“The president opened the issue for discussion, but he didn’t touch on all the ramifications [of military attack drones], particularly the international dimension,” he said. “We really feel there should be an international discussion of these issues with other sovereign nations. Because if we use them against others, what’s to say they won’t use them against us?”
Msgr. Stuart Swetland, a 1981 graduate of the U.S. Naval Academy and Archbishop Harry Flynn Chair of Christian Ethics at Mount St. Mary’s University in Emmitsburg, Md., said the United States was long overdue for a discussion about drone warfare. While military attack drones could be used in a just-war setting, Msgr. Swetland expressed his doubts that either the U.S. public or the president were prepared to engage with the issue.
“Quite frankly, America is not equipped to have moral discussions about anything. Americans have rejected a common morality, so we have no framework with which to discuss these kinds of questions,” Msgr. Swetland said.
Msgr. Swetland described the administration’s approach as “pragmatism,” which, he said, had “no moral absolutes.”
Msgr. Swetland — who in a November 2012 Register commentary suggested that drones could be morally acceptable if used appropriately — said the same lack of moral absolutes that left America and President Obama unable to discuss exactly when human life begins is affecting discussion not just about the right to life, but also how to apply moral principles over immigration, let alone the war.
“We don’t hold these truths to be self-evident, so we don’t have the moral framework to have these discussions.”
He pointed out that Americans also need to ask whether military attack drones in counterterror operations are actually succeeding in making them safer or whether they are inflaming people and bringing more into the terrorists’ camp.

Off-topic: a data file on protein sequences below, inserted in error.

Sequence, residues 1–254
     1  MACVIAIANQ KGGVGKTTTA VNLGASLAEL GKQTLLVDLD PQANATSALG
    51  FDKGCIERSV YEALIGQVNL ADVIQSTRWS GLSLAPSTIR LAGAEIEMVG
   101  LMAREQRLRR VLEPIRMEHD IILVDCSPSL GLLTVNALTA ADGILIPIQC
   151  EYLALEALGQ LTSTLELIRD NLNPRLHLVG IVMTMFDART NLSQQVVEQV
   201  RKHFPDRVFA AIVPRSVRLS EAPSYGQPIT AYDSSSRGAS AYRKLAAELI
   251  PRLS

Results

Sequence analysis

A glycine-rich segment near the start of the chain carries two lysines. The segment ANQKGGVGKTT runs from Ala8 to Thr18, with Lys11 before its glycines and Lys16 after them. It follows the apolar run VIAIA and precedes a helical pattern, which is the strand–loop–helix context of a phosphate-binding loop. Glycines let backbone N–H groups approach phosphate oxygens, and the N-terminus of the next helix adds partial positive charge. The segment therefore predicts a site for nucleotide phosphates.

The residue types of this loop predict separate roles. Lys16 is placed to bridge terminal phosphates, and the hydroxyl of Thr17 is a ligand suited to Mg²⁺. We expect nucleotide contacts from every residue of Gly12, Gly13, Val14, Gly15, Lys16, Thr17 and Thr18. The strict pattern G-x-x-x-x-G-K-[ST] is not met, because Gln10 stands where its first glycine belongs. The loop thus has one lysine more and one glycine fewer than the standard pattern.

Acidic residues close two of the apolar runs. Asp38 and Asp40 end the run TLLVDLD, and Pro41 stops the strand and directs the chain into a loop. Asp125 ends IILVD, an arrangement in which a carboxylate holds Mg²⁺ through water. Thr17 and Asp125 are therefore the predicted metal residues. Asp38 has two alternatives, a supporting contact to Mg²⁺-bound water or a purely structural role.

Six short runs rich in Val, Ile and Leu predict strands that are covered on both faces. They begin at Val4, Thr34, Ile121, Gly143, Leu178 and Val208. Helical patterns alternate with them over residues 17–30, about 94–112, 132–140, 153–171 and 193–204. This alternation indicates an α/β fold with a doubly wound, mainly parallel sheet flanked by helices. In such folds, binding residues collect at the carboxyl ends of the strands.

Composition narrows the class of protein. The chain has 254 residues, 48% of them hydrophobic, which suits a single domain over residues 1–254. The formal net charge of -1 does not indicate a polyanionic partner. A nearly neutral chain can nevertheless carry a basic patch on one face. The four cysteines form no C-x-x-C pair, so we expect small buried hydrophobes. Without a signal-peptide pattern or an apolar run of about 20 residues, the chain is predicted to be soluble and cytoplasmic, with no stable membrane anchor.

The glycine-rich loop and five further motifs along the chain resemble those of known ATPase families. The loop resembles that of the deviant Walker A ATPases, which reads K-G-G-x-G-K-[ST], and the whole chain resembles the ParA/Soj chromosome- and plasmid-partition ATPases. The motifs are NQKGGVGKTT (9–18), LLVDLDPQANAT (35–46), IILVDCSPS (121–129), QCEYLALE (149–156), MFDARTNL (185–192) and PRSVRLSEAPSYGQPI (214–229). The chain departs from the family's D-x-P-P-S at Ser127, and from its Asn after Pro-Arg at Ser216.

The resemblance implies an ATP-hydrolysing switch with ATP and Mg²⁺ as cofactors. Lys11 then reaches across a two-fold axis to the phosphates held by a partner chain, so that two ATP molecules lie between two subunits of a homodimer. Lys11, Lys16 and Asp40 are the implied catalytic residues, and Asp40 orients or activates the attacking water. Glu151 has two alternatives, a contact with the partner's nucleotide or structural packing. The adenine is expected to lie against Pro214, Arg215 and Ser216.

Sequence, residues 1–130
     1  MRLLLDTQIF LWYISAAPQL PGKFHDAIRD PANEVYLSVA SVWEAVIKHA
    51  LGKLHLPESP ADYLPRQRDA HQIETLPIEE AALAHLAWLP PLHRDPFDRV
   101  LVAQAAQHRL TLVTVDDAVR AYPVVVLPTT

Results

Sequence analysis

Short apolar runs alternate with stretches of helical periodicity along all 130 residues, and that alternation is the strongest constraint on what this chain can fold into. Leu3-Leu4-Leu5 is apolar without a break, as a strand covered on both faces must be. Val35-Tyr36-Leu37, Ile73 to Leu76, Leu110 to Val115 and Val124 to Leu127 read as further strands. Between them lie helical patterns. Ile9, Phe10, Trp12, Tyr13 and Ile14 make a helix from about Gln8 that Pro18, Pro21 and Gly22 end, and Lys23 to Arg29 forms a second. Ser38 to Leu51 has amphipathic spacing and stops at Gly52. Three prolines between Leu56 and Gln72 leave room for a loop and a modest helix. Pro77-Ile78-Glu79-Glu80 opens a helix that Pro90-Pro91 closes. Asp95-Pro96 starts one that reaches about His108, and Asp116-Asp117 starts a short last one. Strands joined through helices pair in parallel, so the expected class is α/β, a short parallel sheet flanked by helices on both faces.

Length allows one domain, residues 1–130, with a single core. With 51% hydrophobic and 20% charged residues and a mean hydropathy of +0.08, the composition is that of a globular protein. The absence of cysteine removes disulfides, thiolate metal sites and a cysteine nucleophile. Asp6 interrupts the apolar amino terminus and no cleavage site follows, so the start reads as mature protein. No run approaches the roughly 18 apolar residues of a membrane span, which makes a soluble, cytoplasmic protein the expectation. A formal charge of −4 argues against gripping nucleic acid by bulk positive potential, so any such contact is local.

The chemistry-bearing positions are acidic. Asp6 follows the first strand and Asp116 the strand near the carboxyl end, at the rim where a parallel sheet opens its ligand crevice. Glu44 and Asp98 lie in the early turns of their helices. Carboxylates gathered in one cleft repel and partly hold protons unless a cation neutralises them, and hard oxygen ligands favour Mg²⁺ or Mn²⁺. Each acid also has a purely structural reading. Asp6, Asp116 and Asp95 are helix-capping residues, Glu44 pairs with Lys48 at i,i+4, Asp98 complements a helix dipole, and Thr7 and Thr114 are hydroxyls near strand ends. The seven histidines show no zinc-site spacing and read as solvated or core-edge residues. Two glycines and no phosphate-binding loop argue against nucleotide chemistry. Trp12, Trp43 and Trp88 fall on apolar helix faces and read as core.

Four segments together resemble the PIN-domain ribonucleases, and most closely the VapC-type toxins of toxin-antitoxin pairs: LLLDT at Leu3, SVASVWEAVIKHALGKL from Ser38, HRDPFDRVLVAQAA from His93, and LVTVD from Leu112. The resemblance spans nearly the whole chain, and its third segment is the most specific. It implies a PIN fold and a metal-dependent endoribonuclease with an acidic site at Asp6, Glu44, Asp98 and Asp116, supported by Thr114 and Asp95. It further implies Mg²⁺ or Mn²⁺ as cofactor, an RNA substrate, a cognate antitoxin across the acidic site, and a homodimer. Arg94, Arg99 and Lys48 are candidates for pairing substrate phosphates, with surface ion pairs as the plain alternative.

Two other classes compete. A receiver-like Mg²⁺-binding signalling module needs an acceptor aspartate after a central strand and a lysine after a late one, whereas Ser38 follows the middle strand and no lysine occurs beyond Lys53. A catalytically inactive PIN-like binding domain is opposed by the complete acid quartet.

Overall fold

“We have to ask ourselves whether we are winning the battle but losing the war.”
A U.S.-educated Yemeni activist and freelance journalist, Farea al-Muslimi, told the U.S. Senate Judiciary Committee during a subcommittee hearing in April that the terror of drone strikes and the collateral damage of innocent civilian casualties were creating more enemies for the United States than it was killing. He said one drone strike on his native village killed all the goodwill toward America that had been created by his own positive experience in the United States.
“What the violent militants had previously failed to achieve, one drone strike accomplished in an instant,” he said. “There is now an intense anger against America.”
Stephen Colecchi, director of the U.S. Conference of Catholic Bishops’ Office of International Justice and Peace, said the bishops have been studying the question for over a year in consultation with the Vatican.
He said a major concern was the issue of applying just-war criteria outside of an established war zone like Afghanistan, “where civilians would not expect to be collateral damage in a police-like action such as counterterrorism.”
“You cannot apply the rules of war to a place that is not a war zone,” Colecchi said. “If there were a terrorist living next door to someone in the United States, we would not consider it a just use of force to go take out that person with civilian casualties as collateral damage.”
Nearly a week after President Obama’s speech, The New York Times reported a CIA-operated drone fired a missile at a house in Pakistan, killing Pakistani Taliban’s deputy leader, Wali ur-Rehman, and four others, two of whom may have been Uzbek militants. But unnamed U.S. officials also told the Times that the president’s new rules do not apply to Pakistan until all U.S. troops have left neighboring Afghanistan.
Sources to the Times also reported that the killing of ur-Rehman had destroyed an opportunity to mediate a peace and would provoke more bloodshed in Pakistan.
Colecchi said that the U.S. also needed to realize that the military response is not enough to end the war on terror and that, ultimately, the U.S. must address the roots of terror.
“The key is to remove those causes — the human-rights violations, the lack of economic opportunities, that sense of marginalization and exploitation — which tend to grow radicalism,” Colecchi said.
“We hope the president’s discussion is the beginning, not the end, of the conversation,” he continued. “There are still outstanding moral questions that need to be answered.”
Peter Jesserer Smith writes from Rochester, New York.